My Lords, I shall now repeat in the form of a Statement an Answer given earlier today by my honourable friend the Minister for Public Health on the subject of standardised tobacco packaging. The Answer is as follows.
“In accordance with the notice I gave to the House yesterday afternoon, I have this morning made a Written Statement to this House announcing that Sir Cyril Chantler will carry out an independent review of the evidence for the impact of standardised tobacco packaging on health. Tobacco use, especially among children, remains one of our most significant public health challenges. Each year in England more than 300,000 children under the age of 16 try smoking for the first time. Most adults who smoke started before 18 years of age. As a result, we must do all we can to stop young people taking up smoking in the first place if we are to reduce smoking rates.
We have listened to the strong views expressed on all sides of this House, including when we debated standardised packaging in the Back-Bench business debate earlier this month. Many Members have told me that the evidence base for standardised packaging continues to grow and have urged the Government to take action. As a result, I believe that the time is right to seek an independent view on whether the introduction of standardised packaging is likely to have an effect on public health. In particular, I want to know about the likely impact on young people.
I have asked Sir Cyril to undertake a focused review, reporting in March next year. It will be entirely independent, with an independent secretariat. He is free to draw evidence from whatever source he considers necessary and appropriate. It will be up to Sir Cyril to determine how he undertakes the review, and he will set this out in more detail in due course. As this House will know, Sir Cyril has confirmed that he has no links with the tobacco industry. The review is not a public consultation. The Government ran a full public consultation in 2012, and these responses will be available for the review. To maximise transparency, the department will also publish the substantive responses received as soon as possible. The Government will also take advantage of the opportunity offered by the Children and Families Bill and will table a government amendment to provide a regulation-making power. If the Government decide to proceed, this will allow the introduction of standardised tobacco packaging without delay.
This Government have been consistent in their desire to have an evidence-based approach to public health. We will introduce standardised tobacco packaging if, following the review and consideration of the wider issues raised, we are satisfied that there are sufficient grounds to proceed”.
My Lords, that concludes the Answer.
My Lords, I refer noble Lords to my health interests in the register. I am very grateful to the noble Earl for coming to the House and I am pleased that the Government have changed their position. We have seen plenty of U-turns in the past three years and this is a major one, undoubtedly caused by the Government’s fear of defeat in your Lordships’ House.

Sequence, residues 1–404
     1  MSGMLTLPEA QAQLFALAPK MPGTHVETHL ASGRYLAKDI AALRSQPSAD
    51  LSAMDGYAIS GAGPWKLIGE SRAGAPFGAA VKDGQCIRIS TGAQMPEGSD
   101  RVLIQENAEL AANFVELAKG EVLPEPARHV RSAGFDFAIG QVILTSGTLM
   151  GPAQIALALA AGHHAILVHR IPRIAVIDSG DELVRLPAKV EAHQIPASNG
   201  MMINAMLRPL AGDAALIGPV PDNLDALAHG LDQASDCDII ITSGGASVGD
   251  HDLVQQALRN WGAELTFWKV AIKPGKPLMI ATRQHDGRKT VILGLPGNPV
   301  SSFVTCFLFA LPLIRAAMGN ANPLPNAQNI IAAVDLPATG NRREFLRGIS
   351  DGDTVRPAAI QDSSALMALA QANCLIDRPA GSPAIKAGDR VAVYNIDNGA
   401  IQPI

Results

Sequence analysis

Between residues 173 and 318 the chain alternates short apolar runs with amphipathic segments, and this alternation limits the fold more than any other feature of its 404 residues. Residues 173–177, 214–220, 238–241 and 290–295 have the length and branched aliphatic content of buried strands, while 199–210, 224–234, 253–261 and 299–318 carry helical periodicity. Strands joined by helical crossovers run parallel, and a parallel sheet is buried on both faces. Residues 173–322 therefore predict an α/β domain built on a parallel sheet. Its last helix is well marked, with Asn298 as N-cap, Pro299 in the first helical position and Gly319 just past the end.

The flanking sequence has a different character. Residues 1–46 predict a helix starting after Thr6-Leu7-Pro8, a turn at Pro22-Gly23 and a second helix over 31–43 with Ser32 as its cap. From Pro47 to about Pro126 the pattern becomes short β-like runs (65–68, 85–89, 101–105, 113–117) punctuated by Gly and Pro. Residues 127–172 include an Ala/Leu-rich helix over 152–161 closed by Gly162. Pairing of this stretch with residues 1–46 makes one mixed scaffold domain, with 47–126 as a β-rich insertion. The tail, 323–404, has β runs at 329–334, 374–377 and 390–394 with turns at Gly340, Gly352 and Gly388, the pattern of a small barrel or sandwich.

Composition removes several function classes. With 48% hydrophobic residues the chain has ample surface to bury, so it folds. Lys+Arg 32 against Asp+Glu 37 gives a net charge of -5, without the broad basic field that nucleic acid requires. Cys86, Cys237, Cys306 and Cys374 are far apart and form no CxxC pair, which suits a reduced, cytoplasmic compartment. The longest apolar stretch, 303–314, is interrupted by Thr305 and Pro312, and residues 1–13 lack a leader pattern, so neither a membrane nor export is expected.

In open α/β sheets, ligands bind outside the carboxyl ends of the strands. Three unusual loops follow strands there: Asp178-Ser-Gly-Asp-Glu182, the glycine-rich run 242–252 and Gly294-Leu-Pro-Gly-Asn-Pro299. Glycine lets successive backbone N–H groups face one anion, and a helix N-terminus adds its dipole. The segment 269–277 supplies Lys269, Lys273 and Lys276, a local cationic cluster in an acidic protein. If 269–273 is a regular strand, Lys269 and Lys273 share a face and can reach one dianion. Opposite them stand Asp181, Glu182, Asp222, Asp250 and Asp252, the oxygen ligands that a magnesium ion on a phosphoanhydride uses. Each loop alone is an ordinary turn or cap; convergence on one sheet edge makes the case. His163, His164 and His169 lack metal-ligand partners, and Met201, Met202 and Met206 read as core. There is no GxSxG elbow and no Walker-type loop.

However, why another review? Why must we wait until 2015 before implementation? I have enormous respect for Sir Cyril, but the Government have already had a review. The evidence in that review was clear for all to see. Does the noble Earl agree that it found that standardised packaging would make cigarettes less attractive to young people? Did it not find that such packaging made health warnings more effective? And did it not refute the utter falsehood that some brands are safer than others?
Does the noble Earl accept that all royal colleges and health experts are united behind the case for standardised packaging? Is it not the case that if the Transparency of Lobbying, Non-Party Campaigning and Trade Union Administration Bill goes through in its current form, it would prevent charities such as Cancer Research UK ever raising issues like this in an election year?
Finally, the noble Earl will be aware of an amendment laid by my noble friends Lady Smith, Lord Rosser and Lord Beecham to ban proxy purchasing of tobacco products on behalf of children which will be debated in your Lordships’ House on Monday. Will the Government accept that amendment?
My Lords, I am grateful to the noble Lord for his welcome for this announcement. I do not accept that this is a U-turn. We said in July that we would keep the policy under active review, which is exactly what we have done. I cannot answer for any cynical attitudes on the Benches opposite, but that is the truth. More crucially, since then, the academics, led by the University of Stirling, who carried out the systematic review of the evidence on standardised packaging that was published alongside the 2012 consultation have updated their work. Their original report covered 37 peer-reviewed studies and the update considers an additional 17. We believe that that evidence merits full scrutiny.
The noble Lord suggested that the evidence is already clear so we should just go ahead and legislate. The views that emerged from the consultation were highly polarised. We have always been clear about the need for as robust an evidence base as is possible. We have reached the decision to commission this rapid review from Sir Cyril Chantler so that we have as robust an evidence base as possible.
On proxy purchasing, I think we can all agree that people buying tobacco on behalf of children and young people is wrong, and I want to acknowledge the role played by retailers in ensuring that legitimate tobacco products are sold in accordance with the law. However, a new offence of proxy purchasing would not necessarily tackle the wider problems of supply. We will obviously consider carefully the arguments put forward, but, at the moment, we are not convinced that creating a new offence is the right way forward.